Duct leaks are an expensive and uncomfortable problem many Atlanta area homeowners face. Take control of your household’s energy consumption and comfort when you learn how to test HVAC ducts for leaks.
Estes Services explains how to test air ducts for leaks using simple methods, so your search for duct leaks can get started DIY style! If you identify air leaks in your ducts or damaged ductwork, turn to the NATE-certified HVAC pros of Estes Services for duct repair services that put an end to energy waste in your home.
The Problem with Duct Leaks
Disconnected joints, torn flex ducting, fallen duct runs and other issues interrupt the flow of conditioned air from the HVAC system to the home’s living areas, causing it to spill out in areas where there is no benefit to the household. As much as 30 percent of the air treated by your home’s HVAC system is released into attics, under floors, in crawlspaces and other areas which are not typically connected to the home’s HVAC system and do not need the benefit of heating and cooling. And it’s not just homeowners who experience this wasteful issue – duct leakage is the leading cause of energy loss within commercial buildings.
Duct leaks are a very common problem, with a typical home plagued with leaks that waste 20 to 30 percent of conditioned air. Once conditioned air escapes your ducts into these areas of the home, the energy consumed conditioning that air is wasted, but you still have to pay for it. Think about it this way: if your energy bills are $100 per month, $20 to $30 of that is thrown away by your duct system. Are you really OK throwing $30 into the trash each month?
Duct leaks persist for years in many cases because homeowners don’t pay much attention to this hidden air circulation highway. Discomfort in certain areas of a home and high utility bills are common indicators of duct leaks, but these symptoms can also be attributed to other HVAC issues that are too often ignored. Over the years, your HVAC system continues to draw more energy and runs extra cycles to replace lost air, ultimately stressing components which could lead to breakdowns or the need to replace equipment ahead of schedule.
How to Test HVAC Ducts for Leaks
Atlanta homeowners need to know how to test ducts for leaks. This useful skill empowers the average homeowner to identify sources of energy waste in their home and encourages timely corrections to prevent further losses. Using the methods outlined below, you can easily check your ducts for leaks today.
To test your ducts for leaks, take a look at your ducts to identify any air leaks in plain site that are visible to the naked eye. Access your attic, basement and/or crawlspace, moving through each area where ductwork runs looking for the following:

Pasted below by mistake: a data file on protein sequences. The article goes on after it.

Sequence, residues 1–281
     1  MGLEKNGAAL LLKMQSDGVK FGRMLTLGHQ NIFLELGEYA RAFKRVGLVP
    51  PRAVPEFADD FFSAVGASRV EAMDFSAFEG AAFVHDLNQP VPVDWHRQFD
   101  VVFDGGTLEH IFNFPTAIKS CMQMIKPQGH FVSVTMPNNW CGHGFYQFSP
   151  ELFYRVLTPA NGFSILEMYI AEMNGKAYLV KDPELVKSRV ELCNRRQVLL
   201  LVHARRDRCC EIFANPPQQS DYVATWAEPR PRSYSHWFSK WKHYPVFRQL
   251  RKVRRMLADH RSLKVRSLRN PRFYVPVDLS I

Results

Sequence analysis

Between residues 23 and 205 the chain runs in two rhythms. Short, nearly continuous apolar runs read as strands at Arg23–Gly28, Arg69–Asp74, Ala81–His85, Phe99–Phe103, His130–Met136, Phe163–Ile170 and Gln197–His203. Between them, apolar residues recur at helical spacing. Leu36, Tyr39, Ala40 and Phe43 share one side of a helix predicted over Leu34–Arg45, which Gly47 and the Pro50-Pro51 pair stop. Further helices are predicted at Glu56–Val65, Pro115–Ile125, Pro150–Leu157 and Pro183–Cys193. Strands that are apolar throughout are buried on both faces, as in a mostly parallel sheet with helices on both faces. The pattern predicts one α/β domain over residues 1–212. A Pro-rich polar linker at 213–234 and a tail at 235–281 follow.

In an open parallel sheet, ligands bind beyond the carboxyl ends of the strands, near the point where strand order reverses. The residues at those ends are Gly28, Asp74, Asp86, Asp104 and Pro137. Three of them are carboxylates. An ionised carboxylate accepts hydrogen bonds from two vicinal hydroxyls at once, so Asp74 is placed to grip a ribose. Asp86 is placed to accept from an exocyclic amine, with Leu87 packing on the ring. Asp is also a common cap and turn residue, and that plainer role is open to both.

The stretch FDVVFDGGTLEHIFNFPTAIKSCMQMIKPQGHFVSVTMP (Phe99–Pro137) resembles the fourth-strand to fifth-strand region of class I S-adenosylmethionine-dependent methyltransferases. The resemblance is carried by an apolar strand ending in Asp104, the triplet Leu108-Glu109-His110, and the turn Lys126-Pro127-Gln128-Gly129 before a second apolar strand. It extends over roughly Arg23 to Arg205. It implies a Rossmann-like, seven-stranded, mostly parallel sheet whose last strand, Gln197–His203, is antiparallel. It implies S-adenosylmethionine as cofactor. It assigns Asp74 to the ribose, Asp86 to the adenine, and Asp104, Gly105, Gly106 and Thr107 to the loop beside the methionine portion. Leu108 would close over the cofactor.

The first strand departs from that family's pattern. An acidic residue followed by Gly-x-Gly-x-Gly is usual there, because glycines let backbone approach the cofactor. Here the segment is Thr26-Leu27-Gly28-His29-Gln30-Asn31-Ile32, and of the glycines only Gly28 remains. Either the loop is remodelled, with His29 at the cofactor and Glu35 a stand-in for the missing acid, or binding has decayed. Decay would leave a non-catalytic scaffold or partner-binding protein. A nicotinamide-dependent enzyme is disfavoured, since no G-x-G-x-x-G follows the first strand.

- Clear holes in air ducts
- Gaps in connections between duct sections
- Complete disconnections of duct sections
- Tears in flexible duct tubing
- Kinks or smashed sections in flexible ductwork
- Gaps where vents, grilles and registers connect to the return or supply ducts under the floor, in the ceiling or within a wall
Note the locations of all damage you observe to ensure duct sealing efforts address every leak you find.
Further DIY Testing Methods
- A smoke pen or an incense stick are useful tools when learning how to test air ducts for leaks. The stream of smoke produced shows air movement outside the ductwork when positioned nearby, alerting you to the presence of an air leak.
- Fill a spray bottle with water and a few squirts of dish soap, then mix well. When inspecting ducts, spray your solution onto a section of duct or a joint, and watch to see if the solution bubbles. Bubbles show air is forcing its way into the solution, escaping from the duct system.
Professional Duct Testing Services and Solutions from Estes Services
If the above methods don’t appeal to you, or you are unable to conduct such tests yourself, turn to Estes Services for professional duct leak testing and sealing services.
Our NATE-certified HVAC technicians seal up ducts and conduct duct blaster tests, which pressurize the home’s duct system so air leakage can be measured, following the standards set in the Sheet Metal and Air Conditioning Contractors’ National Association (SMACNA) HVAC Air Duct Leakage Test Manual.
If testing for duct leaks turns up lost pressure, leaks are present. Our technicians seal leaking ducts using appropriate methods that deliver long-lasting correction. With leaks sealed, multiple points of energy loss are eliminated from the home, delivering improved comfort, lower energy expenses and more efficient heating and cooling.
Put our team to work today to find and fix troublesome duct leaks and start generating savings right away! Contact us today!